The Rotax 60 deg V-twin displaces just under a liter (I’m guessing it the “old” Aprilia Mille engine) and has plenty of poke to pull this somewhat weighty rig around. And if you are willing to exercise the tach near it’s 12K redline, it’ll scoot!

There is a trunk under the “hood” that holds a good bit of stuff including your helmet. It was relatively comfortable, not much different from the riding position on a typical naked bike. It had decent wind protection but still has that “out in the breeze” feel which most of us prefer. And this thing gets the “looks”, young/old, male/female, motorcyclist/not, Harley/sportbike, everyone wants a closer look. And you get a lot more waves from folks by the side of the road too.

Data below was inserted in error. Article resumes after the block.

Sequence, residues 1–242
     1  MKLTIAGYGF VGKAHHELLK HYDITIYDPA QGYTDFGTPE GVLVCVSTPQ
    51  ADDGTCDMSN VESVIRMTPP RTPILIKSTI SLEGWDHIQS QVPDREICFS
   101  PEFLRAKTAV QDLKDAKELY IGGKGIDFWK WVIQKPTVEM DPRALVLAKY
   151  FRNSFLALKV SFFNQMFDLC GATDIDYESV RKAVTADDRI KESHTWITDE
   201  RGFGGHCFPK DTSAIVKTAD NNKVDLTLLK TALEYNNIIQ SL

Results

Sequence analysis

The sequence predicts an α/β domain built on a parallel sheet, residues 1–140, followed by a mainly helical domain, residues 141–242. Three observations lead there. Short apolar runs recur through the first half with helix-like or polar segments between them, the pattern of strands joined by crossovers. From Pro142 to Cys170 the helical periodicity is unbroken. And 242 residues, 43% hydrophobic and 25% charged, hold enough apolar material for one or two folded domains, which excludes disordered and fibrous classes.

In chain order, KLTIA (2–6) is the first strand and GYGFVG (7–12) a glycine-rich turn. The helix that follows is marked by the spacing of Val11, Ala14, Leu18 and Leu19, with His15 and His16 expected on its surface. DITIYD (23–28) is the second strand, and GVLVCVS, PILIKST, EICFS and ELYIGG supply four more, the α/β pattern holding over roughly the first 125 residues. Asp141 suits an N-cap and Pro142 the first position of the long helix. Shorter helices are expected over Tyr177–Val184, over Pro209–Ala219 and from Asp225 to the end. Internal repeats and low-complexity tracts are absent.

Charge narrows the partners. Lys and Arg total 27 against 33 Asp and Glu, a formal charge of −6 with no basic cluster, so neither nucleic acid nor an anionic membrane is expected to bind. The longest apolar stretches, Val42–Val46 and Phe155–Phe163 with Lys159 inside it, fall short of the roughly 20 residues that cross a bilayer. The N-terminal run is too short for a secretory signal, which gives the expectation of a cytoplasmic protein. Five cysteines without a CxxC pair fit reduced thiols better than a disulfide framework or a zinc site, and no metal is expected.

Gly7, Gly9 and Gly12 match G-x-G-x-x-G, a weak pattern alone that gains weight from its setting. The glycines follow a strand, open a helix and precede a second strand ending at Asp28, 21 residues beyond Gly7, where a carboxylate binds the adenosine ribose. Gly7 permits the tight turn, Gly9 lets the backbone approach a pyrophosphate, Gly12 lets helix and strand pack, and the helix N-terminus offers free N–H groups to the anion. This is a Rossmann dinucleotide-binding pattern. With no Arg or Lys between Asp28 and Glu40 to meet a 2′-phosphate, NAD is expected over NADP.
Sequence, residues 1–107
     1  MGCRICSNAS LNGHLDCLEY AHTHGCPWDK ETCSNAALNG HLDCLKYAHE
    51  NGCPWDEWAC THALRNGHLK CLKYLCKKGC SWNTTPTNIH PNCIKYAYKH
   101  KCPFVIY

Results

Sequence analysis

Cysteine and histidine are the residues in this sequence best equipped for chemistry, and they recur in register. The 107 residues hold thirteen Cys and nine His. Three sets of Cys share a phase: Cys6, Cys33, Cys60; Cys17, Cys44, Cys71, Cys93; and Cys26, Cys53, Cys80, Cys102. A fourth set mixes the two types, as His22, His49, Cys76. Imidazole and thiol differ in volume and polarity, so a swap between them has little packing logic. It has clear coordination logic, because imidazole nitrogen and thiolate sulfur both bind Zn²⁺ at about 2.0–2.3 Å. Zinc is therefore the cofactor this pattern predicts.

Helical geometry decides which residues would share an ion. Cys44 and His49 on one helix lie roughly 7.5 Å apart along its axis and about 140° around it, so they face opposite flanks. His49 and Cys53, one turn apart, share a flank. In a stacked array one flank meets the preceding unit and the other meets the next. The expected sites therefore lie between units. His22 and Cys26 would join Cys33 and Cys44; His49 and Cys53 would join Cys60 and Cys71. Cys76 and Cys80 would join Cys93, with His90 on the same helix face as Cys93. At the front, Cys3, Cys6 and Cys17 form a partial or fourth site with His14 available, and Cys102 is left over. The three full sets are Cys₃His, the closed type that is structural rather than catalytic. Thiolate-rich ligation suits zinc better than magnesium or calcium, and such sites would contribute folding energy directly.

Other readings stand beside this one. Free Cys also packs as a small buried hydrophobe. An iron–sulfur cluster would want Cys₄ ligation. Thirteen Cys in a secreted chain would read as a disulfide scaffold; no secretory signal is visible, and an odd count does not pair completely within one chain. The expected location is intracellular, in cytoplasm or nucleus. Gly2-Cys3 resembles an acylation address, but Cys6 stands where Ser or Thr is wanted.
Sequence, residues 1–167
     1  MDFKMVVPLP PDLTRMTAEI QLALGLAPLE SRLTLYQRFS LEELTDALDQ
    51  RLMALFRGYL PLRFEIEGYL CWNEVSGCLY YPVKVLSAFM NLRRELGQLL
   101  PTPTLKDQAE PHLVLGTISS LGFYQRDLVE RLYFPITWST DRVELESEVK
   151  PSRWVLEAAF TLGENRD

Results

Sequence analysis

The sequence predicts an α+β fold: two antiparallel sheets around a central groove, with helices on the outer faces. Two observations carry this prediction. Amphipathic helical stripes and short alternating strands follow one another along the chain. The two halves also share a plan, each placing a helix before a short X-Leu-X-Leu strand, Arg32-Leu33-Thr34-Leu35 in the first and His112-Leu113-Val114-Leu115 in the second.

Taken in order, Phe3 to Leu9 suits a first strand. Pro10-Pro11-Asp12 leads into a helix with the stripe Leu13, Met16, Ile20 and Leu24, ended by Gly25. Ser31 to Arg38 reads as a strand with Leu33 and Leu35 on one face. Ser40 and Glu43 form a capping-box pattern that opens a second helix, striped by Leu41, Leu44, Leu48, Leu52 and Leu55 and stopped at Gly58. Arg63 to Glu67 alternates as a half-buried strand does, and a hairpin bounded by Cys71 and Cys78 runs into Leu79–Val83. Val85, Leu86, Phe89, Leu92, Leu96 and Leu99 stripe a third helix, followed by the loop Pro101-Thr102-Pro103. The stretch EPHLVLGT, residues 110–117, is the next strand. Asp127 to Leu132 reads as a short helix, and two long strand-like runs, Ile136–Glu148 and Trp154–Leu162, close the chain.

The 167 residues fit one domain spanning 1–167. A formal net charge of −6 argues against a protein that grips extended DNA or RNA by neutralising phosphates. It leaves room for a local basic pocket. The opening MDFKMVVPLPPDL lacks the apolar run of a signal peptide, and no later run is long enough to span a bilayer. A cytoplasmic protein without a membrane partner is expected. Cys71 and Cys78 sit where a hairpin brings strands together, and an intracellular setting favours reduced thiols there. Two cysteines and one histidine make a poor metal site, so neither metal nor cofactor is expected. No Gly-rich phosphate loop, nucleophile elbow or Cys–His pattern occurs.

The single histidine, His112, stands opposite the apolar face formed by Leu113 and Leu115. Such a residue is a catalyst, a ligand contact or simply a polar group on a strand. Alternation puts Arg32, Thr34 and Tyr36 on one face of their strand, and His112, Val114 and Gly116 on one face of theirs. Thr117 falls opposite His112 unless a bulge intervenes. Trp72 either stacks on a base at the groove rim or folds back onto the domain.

My biggest complaint about riding this contraption was the fact that it felt real “busy” even when cruising in a straight line on a smooth road. The slightest camber in the road causes it to wander downhill, requiring constant correction, if not brute force to keep it tracking between the lines. I feel that either a geometry change or some kind of self centering mechanism would make this much less annoying. With 3 staggered wheels it almost impossible to avoid objects in your path, like road-kill. so you hit a lot more stuff than you would on a traditional motorcycle. Cornering seemed much more “forced” (like you have to fight it a bit) rather than “flowing”, which took away a lot of the feel I look for when riding. I don’t know if I just wasn’t doing something right, or if it would always be awkward (it seems cars corner better, maybe it’s the 3-wheels thing)